It's like a recurring bad dream.
March: Hackers allegedly steal the credit card numbers from 1.5 million Visa and MasterCard customers by breaking into the computer systems of the company's payment processor in New York. The thieves stockpiled the stolen credit card numbers for months before beginning to use them.
August: Cyber attackers disrupt production from Saudi Aramco, the world's largest exporter of crude oil, taking out 30,000 computers in the process, according to press reports.
January: PNC Bank announces to its 5 million customers that its website is getting hit with high traffic consistent of a cyber attack meant to delay business with its online banking customers.
These are just three reported examples of cyber attacks in the past 12 months. Each could have had a devastating impact on the U.S. and global economies. That's more than a bad dream — that's a full-blown nightmare.
But, unfortunately, it's also reality.
The U.S. government can often see the worms and viruses placed by hackers and other evil-doers in the computer networks that make up our modern world. Indeed, each of the above-referenced attacks could have been prevented by the federal government. But federal officials often can't share such information with the intended victims — usually American companies — because current law doesn't allow it.
That's why, this week, I, along with House Intelligence Committee Chairman and Michigan Republican Mike Rogers, am reintroducing common-sense legislation to give American companies access to certain classified information on impending cyber threats — before the attack occurs. This bill also better enables companies to call in attacks — like a 911 line for cyber emergencies — so the government can help them respond as well as prevent further spread. Last April, the House passed the Cyber Intelligence Sharing and Protection Act by a wide bipartisan majority, but it stalled in the Senate. We can't afford to let it stall again.
Highly trained Chinese, Russian and Iranian hackers are probing, pilfering and plotting every second of every day. They're often after personal data: In November, reports suggested a hacker was able to access nearly 4 million tax returns in South Carolina with a single malicious email. And they're often after the trade secrets of our companies: The media has reported that Coca-Cola may have fallen victim to hackers from a Chinese beverage company.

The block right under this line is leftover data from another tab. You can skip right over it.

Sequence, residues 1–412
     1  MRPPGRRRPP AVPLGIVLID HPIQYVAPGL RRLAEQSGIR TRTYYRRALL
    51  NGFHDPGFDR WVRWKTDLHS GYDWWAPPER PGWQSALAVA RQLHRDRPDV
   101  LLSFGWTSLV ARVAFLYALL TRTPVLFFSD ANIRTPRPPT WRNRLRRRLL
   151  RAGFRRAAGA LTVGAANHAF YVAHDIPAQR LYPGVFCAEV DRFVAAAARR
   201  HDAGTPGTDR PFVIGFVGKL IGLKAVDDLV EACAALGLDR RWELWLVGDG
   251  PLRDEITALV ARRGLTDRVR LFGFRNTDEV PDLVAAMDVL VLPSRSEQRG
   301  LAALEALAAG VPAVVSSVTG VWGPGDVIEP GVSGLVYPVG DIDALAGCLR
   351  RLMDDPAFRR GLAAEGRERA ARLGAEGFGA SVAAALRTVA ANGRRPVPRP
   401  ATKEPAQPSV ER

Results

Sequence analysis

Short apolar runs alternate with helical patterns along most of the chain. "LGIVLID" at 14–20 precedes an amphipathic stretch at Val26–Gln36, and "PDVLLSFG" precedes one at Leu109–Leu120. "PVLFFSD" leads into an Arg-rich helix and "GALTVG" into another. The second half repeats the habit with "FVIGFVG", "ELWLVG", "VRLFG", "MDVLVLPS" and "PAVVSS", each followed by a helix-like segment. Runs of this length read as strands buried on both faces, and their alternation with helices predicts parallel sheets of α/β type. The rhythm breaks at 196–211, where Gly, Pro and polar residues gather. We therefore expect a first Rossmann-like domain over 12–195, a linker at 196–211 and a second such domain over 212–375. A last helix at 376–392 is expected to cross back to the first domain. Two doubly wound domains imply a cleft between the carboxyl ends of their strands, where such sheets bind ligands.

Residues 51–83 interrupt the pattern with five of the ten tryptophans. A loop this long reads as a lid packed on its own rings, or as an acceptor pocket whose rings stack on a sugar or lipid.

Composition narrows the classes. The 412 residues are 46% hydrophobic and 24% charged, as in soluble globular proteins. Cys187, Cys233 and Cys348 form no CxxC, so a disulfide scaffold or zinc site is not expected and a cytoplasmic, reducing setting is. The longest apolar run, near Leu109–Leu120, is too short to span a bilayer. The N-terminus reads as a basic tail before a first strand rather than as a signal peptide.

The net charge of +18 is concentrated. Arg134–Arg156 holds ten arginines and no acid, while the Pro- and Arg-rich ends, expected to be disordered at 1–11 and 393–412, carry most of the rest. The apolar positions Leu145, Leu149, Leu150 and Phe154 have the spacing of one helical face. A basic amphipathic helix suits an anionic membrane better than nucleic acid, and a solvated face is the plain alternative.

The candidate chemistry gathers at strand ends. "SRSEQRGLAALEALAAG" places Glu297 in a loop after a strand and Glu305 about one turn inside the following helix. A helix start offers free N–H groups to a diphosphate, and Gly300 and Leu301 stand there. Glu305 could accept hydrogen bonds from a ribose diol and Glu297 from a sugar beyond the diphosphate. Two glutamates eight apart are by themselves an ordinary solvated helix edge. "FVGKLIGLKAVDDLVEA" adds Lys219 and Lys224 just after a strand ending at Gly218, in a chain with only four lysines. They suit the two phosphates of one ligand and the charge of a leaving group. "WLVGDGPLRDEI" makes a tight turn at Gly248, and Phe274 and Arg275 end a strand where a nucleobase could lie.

Many believe that what is happening to American business may be the largest transfer of wealth in the history of the world. It's costing our companies billions of dollars, and it's costing our country thousands of jobs.
Preventing the U.S. government from sharing information about malicious computer code it detects is akin to preventing forecasters from warning citizens about a hurricane.
Our legislation doesn't just protect companies. It will also protect every American citizen who, for example, uses electricity or banks online, or whose doctor compiles medical records electronically. Countries, criminals and terrorists are targeting the companies that you entrust with your private information every day.
It's important to note that under my legislation, your private information will also be kept private from the government. Information-sharing between companies and the government will be entirely voluntary. Businesses do not have to share information with the government in order to receive information from the government. The bill does not authorize the government to monitor your computer or read your email, Tweets or Facebook posts. Nor does it authorize the government to shut down websites or require companies to turn over personal information.
Ultimately, cybersecurity is national security. We all have a part to play. The federal government must take its first step with simple information-sharing legislation like I'm proposing. Business owners must prioritize network security. And all of us must use strong computer passwords (and not just the names of our pets) and keep our anti-virus software up to date.
We've gotten wake-up call after wake-up call. It is time to work together to prevent the cyber nightmare from becoming a crippling reality.
Rep. Dutch Ruppersberger, a Democrat and the ranking member of the House Permanent Select Committee on Intelligence, has represented Maryland's 2nd District since 2003. He can be reached at http://www.dutch.house.gov.Copyright © 2015, The Baltimore Sun